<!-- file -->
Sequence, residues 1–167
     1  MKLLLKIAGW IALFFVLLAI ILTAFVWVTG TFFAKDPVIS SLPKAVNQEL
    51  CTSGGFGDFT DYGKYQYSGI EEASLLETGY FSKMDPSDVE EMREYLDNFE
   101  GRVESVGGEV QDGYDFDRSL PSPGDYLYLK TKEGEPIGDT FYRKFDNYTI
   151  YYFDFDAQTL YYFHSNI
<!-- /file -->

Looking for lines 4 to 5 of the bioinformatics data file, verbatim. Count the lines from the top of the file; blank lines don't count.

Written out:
   101  GRVESVGGEV QDGYDFDRSL PSPGDYLYLK TKEGEPIGDT FYRKFDNYTI
   151  YYFDFDAQTL YYFHSNI